Monday, May 15, 2006

Gadgets and Conversation [CCR]

With my deep interest in computers and programming I have taken a special interest in gadgets, but sometimes I feel overwhelmed. The other night I was sitting on the couch with my laptop programming an automated packaging machine at one of my employer’s facilities. My wife was playing an online video game with people from all around the world. And my daughter was in her room watch a British television game show on her computer. She knew the answer to their trivia question and we discussed whether to call in and if they would send the money to the United States. We have an Internet telephone service that includes free calling to many countries. It just simply amazes me that all of this data is passing through one little box connecting me to the outside world. I often sit down and think where this world was 100 years ago and how many radio signals we propagate through the air that once lay silent. The world is certainly smaller.

Many reading this article well remember the crank telephones, the last of which left service in the United States in 1983. Those who didn’t experience the crank telephone probably experienced the party line. Our younger folks just don’t know what they were missing. If you needed to make a call you gently picked up the phone receiver to see if you were lucky enough to get a dial tone or if you happened to interrupt someone’s conversation. You then had to wait some random time and check the line again. It would simply drive my children nuts. I often have my own round of wrestling entertainment when they each want to make a call.

Most of us Alabamians enjoyed the simpler times when we often discussed life while sitting on the front porch rocker or swing. When the sun was sitting low we enjoyed the approaching cool air that would soon overcome the heat collected in the house. But until the house cooled we watched as the lightning bugs began their twinkling show and the evening serenade of the insect kingdom began. Unfortunately their serenade also included visits to our porch. But Grandmother would prepare a gnat smoke that kept the bugs clear. If you don’t know about a gnat smoke then you probably haven’t learned that the idea for those fancy citronella candles didn’t come from nowhere. Grandmother would take a large can or bucket and fill it with old rags. She then set the rags on fire, let it burn a short while, and then smothered the fire to a steady smoke. You then positioned yourself on the long front porch to miss the direct line of smoke while it built a fairly decent screen between you and the bug kingdom.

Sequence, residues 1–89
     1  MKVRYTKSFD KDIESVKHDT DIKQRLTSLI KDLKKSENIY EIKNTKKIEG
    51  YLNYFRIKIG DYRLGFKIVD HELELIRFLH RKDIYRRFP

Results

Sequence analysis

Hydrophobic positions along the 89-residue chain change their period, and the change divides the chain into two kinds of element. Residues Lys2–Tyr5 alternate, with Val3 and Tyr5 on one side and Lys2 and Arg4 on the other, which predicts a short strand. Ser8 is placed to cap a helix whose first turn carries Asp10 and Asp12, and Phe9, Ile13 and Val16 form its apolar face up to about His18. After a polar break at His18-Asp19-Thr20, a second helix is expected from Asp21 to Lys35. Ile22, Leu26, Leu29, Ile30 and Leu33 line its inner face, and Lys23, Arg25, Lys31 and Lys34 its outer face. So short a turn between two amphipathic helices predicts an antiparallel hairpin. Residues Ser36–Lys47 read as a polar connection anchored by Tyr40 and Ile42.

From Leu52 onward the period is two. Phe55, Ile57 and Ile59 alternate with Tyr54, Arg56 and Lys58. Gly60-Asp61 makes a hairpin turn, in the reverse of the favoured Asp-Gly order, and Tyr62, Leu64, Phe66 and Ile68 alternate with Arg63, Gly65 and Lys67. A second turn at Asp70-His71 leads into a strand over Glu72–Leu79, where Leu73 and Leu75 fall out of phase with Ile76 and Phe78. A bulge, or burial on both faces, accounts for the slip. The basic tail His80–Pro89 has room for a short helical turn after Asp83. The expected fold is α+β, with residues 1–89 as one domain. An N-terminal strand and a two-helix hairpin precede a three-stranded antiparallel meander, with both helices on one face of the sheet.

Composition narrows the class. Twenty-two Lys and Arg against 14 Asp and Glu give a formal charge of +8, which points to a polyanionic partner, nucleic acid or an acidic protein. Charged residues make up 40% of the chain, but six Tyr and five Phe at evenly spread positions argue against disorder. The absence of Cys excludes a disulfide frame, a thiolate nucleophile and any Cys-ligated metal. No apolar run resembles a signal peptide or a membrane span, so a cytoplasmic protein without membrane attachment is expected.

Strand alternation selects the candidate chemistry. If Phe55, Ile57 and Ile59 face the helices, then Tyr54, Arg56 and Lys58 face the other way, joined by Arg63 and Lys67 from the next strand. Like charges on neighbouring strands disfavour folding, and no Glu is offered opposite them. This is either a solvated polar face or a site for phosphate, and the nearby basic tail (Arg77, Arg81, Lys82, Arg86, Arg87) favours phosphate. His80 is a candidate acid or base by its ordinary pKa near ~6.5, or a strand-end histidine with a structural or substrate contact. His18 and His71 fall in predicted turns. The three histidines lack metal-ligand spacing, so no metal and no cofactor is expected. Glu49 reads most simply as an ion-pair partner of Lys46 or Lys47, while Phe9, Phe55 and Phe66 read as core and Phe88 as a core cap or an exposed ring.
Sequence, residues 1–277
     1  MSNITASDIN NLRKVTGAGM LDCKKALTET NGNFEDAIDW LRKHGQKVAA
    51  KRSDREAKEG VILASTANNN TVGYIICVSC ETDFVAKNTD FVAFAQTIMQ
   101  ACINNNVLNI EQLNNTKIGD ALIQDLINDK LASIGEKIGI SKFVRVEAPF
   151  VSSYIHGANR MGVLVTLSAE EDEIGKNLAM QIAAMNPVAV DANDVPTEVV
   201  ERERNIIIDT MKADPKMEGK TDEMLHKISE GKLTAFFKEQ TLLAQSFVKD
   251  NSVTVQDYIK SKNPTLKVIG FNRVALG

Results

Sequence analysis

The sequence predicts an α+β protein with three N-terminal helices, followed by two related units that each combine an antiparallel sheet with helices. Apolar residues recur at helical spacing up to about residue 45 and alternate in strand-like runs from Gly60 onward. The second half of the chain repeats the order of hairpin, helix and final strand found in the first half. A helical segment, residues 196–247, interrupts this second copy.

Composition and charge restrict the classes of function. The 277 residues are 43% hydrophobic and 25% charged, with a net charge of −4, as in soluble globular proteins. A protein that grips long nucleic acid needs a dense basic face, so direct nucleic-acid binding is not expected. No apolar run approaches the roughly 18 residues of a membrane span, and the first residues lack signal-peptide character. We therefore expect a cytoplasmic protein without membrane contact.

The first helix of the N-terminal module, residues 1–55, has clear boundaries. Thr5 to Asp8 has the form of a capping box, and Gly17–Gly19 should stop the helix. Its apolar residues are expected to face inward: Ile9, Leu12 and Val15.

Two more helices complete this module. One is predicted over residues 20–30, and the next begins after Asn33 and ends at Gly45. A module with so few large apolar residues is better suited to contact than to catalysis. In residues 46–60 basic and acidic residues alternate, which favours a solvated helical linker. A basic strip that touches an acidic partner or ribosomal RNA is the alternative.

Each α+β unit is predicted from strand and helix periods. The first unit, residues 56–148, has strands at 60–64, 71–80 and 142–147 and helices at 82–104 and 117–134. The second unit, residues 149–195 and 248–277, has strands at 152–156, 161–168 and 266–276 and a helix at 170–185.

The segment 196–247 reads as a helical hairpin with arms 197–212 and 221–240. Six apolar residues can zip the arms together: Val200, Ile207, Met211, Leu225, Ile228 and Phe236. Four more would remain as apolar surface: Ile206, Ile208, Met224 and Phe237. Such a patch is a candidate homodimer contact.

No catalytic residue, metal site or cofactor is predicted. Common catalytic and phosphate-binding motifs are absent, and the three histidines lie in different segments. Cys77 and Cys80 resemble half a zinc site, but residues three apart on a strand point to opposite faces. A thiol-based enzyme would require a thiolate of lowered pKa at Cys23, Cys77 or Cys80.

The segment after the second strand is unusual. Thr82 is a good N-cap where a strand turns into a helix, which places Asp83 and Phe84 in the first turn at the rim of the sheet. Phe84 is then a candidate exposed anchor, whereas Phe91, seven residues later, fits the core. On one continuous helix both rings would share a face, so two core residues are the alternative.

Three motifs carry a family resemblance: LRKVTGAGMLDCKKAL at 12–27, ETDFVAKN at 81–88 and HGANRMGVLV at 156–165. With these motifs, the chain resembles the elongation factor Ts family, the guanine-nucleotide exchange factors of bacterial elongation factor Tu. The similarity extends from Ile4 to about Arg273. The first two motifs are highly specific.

Now protected from the bugs we could talk about the events of the day or plan tomorrow. Maybe a neighbor would stop by and share a few moments and a few stories to help take you into the evening. For many of us a good Southern story outweighs a 40 inch color television any time. It was a Southern way of life that seemed to get lost in our cocoon of air conditioning and digital entertainment. As the night wore on the smoke and the visitors would soon disseminate. Grandmother would pour some water on the old can for safety and our evening was done.

I think the party line was the next best thing to transition from this front porch tradition. Many older folks found it more entertaining to share their neighborly stories from the comfort of the air conditioner. It was a free advance on the miracle of three way calling since most of your neighbors were on the same line. You could tell the story once and hit all eight people if your timing was right.

Yes, we have advanced. We each want our private line and expect nothing less. We then add the three way calling and maybe even dial into some fancy conference calling network. And in moments we are talking around the world with little consciousness to what lies between. The digital bleeps and blips pass as our new neighbors become someone in Spain, England, or Italy. But do you know the person in the next house down the road? Maybe we should have a day of no instant messaging, no telephone, no digital million channel television or compact disc player. Want to know your neighbor? Find an old bucket and some rags. Start a gnat smoke and invite the neighbors over for a chat and some iced tea. If they don’t call the sheriff you might find yourself enjoying the company of a new friend.